Bullet Proof? Program Evaluation in Conflict Areas: Evidence from Rural Colombia
Recently, Conditional Cash Transfer Programs (CCT) became increasingly popular in developing countries due to their positive outcomes on health and education. In this paper, we are particularly interested in testing if children participating in CCT (treated) in conflict affected regions benefit more (or less) than their counterparts in peaceful areas. To test this, we combine longitudinal CCT data from Colombia with a conflict event dataset. This allows us to use standard techniques in treatment evaluation, but it augments the testing equations by adding interactions between dummies identifying different groups and indicators of violence. We find that the CCT program had an extra benefit in conflict areas concerning enrolment. However, grade progression is similar for treated children in low and high conflict regions. Results suggest that the program may work in attracting children to school, but in high conflict regions children tend to do less homework and miss more days in school.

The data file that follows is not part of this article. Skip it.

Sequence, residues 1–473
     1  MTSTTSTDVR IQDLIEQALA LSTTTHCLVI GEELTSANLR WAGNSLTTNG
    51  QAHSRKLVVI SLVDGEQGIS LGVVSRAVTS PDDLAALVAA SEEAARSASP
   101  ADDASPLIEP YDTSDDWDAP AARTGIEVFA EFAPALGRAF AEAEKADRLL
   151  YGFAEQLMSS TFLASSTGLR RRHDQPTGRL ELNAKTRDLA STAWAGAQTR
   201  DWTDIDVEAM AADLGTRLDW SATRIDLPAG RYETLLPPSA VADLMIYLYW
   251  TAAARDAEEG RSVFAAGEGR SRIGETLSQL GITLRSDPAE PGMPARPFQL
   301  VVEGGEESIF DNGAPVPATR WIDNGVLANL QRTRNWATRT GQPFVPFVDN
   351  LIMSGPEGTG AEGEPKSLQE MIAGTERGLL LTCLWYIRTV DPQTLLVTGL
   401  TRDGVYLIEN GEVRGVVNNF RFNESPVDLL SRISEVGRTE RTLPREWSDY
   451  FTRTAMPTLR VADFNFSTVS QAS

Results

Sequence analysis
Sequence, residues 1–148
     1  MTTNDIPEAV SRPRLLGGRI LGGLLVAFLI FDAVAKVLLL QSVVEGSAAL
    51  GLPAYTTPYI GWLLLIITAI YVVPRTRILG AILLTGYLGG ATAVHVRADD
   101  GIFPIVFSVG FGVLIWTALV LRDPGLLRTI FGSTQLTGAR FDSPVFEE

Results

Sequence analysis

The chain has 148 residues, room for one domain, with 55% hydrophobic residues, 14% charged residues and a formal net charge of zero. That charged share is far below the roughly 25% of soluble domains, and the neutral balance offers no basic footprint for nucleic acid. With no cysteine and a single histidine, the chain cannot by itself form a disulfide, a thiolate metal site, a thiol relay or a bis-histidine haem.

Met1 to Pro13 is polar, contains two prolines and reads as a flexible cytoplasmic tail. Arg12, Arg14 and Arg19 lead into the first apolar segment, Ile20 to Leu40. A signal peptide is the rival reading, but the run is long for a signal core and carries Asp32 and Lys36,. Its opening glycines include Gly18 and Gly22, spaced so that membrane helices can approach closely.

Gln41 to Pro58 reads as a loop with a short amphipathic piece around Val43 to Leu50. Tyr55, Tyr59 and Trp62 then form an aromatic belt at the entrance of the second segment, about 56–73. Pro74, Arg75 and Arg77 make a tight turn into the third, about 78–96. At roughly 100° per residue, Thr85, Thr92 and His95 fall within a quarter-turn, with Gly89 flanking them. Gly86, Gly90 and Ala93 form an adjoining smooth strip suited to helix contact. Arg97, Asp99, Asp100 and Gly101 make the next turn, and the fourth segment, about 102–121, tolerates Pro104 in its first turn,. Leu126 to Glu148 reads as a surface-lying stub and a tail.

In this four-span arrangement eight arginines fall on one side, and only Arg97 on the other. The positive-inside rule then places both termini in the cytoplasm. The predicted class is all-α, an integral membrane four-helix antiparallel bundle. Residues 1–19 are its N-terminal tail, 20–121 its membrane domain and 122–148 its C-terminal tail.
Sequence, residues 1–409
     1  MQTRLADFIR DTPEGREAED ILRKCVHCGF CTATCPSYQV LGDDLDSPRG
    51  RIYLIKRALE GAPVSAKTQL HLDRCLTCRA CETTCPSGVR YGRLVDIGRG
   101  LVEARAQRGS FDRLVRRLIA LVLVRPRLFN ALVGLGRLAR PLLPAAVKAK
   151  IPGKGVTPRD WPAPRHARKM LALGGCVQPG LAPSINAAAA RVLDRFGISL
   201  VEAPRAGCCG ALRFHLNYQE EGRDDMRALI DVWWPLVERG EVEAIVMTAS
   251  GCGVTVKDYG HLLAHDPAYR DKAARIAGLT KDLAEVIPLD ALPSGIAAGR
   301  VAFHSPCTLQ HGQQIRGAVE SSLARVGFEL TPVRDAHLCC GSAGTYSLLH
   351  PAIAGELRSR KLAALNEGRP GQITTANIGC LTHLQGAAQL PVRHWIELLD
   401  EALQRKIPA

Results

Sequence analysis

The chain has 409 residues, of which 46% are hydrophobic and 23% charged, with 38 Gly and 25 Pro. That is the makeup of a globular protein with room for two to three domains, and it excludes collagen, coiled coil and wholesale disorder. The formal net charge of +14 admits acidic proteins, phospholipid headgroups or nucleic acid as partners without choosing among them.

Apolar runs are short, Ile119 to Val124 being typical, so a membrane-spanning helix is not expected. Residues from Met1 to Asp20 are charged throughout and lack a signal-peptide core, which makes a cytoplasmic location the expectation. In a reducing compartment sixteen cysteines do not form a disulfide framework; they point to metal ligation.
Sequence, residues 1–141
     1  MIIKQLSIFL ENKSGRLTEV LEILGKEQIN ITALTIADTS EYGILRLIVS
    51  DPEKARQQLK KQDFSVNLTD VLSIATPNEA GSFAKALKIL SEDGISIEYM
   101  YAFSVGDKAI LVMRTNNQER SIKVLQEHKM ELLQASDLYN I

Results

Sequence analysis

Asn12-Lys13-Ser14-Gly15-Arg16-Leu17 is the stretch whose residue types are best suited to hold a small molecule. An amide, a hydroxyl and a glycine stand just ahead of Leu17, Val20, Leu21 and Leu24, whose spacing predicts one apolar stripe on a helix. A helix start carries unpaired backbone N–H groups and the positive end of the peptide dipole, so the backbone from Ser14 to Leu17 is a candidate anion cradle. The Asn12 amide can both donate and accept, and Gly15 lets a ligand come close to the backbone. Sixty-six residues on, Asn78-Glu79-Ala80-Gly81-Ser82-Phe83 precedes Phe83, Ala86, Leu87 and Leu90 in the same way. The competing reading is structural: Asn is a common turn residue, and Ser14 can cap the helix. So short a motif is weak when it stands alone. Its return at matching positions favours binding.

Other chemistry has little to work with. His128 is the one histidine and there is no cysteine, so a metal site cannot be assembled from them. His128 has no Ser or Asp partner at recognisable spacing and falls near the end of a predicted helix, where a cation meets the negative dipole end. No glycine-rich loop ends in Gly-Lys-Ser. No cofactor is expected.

|Date of creation:||2011|
|Date of revision:|
|Contact details of provider:|| Web page: http://www.ael.ethz.ch/|
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- Barrera-Osorio, Felipe & Bertrand, Marianne & L. Linden, Leigh & Perez-Calle, Francisco, 2008.
"Conditional cash transfers in education : design features, peer and sibling effects evidence from a randomized experiment in Colombia,"
Policy Research Working Paper Series
4580, The World Bank.
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"Revisiting Economic Growth in Colombia: A Microeconomic Perspective,"
IDB Publications (Working Papers)
45218, Inter-American Development Bank.
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- Arturo Harker & Marcela Melendez, 2008. "Revisiting Economic Growth in Colombia: A Microeconomic Perspective," Research Department Publications 2006, Inter-American Development Bank, Research Department.
- James D. Fearon & Macartan Humphreys & Jeremy M. Weinstein, 2009. "Can Development Aid Contribute to Social Cohesion after Civil War? Evidence from a Field Experiment in Post-conflict Liberia," American Economic Review, American Economic Association, vol. 99(2), pages 287-91, May.
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